I’m not saying this for sympathy, only to tease out the state of mind I was in before the journey to Iona which is advertised as, and intended to be, a deep restorative and insightful retreat week for the participants.
Each time, I think I will arrange work etc so that I can take two days off before I leave for the long drive and intensive retreat. Each time, as this time, I’m working flat-out up until and including late into the evening before, attending to emails and deadlines barely met. I know this is not healthy, and hardly the state of mind to bring presence to a retreat which is rooted in presence.
The book jolted me back onto my axis. There wasn’t within it anything I don’t already know (though he expresses it with grace and elegance), but as a reminder it couldn’t have been more timely. It is essential to a healthy life – physical, emotional, mental and spiritual – to pause, whether that pause is a moment of bringing ourselves back into our bodies and the present, between tasks; whether it is regular time out in a day or a week; or whether it’s total time out to be alone for a few days – something which I happen to believe not only revitalises oneself but also all one’s relationships. I can’t speak for men, but for women I believe it’s utterly crucial to take this longer pause, annually at least. Touching the depths, peeling the inessentials away, finding spaciousness.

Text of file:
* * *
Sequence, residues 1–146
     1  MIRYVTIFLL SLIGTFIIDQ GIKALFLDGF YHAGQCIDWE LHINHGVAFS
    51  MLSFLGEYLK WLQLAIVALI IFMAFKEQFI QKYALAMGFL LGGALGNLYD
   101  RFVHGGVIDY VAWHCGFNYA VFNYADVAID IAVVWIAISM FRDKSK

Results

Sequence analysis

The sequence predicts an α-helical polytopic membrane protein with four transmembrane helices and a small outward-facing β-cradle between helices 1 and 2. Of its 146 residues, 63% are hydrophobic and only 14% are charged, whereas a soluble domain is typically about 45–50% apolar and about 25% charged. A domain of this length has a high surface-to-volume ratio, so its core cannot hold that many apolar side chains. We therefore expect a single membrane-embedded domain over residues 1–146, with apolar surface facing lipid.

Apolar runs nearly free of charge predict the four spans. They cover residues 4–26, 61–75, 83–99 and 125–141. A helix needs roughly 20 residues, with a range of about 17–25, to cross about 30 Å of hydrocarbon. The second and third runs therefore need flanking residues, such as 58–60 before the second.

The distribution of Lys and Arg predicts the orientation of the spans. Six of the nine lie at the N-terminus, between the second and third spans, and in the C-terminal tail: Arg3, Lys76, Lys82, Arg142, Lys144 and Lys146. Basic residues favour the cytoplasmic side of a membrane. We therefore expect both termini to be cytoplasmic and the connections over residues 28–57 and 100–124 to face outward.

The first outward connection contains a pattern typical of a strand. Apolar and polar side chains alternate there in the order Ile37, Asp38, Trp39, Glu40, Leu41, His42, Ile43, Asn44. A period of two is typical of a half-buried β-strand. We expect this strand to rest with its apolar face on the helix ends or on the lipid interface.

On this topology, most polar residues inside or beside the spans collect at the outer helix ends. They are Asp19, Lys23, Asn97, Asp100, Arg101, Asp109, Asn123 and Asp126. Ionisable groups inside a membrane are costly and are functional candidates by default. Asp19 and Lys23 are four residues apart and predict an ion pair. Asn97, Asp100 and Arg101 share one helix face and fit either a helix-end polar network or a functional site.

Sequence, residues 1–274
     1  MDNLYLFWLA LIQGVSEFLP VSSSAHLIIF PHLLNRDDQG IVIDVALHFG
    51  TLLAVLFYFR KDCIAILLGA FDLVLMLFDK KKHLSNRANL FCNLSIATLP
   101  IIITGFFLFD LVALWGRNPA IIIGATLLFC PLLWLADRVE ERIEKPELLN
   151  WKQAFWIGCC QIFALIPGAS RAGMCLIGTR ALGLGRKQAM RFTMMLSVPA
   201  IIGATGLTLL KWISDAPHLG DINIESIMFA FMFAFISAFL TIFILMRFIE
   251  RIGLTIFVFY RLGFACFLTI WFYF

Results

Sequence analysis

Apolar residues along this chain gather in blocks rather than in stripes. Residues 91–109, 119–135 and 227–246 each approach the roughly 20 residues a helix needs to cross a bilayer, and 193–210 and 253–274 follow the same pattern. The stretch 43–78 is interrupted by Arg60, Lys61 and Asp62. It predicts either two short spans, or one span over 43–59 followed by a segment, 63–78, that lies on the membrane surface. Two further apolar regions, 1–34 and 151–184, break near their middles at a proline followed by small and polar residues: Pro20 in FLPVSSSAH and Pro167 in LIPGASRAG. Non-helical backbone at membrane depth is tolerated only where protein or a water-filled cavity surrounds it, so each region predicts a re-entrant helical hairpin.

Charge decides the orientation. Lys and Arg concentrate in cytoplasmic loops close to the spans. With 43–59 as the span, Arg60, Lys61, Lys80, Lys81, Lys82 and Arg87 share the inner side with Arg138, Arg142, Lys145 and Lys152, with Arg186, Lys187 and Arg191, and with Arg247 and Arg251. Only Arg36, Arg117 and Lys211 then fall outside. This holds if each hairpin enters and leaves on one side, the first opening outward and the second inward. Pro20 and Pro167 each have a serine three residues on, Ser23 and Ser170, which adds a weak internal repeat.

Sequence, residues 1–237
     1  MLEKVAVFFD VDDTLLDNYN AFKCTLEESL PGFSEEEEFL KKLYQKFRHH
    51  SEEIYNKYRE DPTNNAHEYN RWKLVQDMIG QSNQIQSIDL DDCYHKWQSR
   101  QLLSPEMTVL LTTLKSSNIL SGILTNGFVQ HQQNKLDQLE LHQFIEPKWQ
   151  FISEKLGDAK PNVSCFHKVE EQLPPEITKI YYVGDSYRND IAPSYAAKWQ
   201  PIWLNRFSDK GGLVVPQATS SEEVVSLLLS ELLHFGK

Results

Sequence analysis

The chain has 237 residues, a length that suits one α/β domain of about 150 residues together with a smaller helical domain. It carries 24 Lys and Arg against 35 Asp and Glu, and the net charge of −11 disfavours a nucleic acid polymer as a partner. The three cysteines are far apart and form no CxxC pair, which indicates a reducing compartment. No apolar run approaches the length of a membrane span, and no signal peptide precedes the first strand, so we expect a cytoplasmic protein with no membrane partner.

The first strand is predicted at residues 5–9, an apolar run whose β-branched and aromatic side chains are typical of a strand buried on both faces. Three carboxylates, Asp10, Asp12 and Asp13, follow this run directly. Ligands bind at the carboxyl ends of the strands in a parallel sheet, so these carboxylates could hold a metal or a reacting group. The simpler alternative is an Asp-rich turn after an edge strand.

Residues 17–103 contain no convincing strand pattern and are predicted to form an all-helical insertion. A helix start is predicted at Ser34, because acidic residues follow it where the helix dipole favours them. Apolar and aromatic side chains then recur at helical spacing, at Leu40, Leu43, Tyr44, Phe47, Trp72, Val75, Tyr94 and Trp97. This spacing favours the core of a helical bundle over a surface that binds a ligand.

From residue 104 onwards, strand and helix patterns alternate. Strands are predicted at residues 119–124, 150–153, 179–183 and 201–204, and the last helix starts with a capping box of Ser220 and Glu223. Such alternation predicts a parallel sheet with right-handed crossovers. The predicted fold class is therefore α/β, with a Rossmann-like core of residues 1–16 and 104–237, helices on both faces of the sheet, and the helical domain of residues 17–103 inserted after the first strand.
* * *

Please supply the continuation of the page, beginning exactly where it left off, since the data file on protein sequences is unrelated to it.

I had a meditation teacher who spoke of every interruption offering that moment of presence, mindfulness: the doorbell, a dog barking, the phone ringing. Pause. Take three breaths. Bring yourself back, and then choose your response. I have continued to do that much of the time, though it too goes by the board when I’m in harried and frantic mode, which exemplifies this summer for me.
Before I drive on the next day, I take time to meditate – as I also do when I find that my ferry, and the next, are cancelled, leaving me with the distinct possibility that I might not get to my destination that night. How good it feels simply to stop, and not to worry about what ifs; to see the delays as a chance to really pause.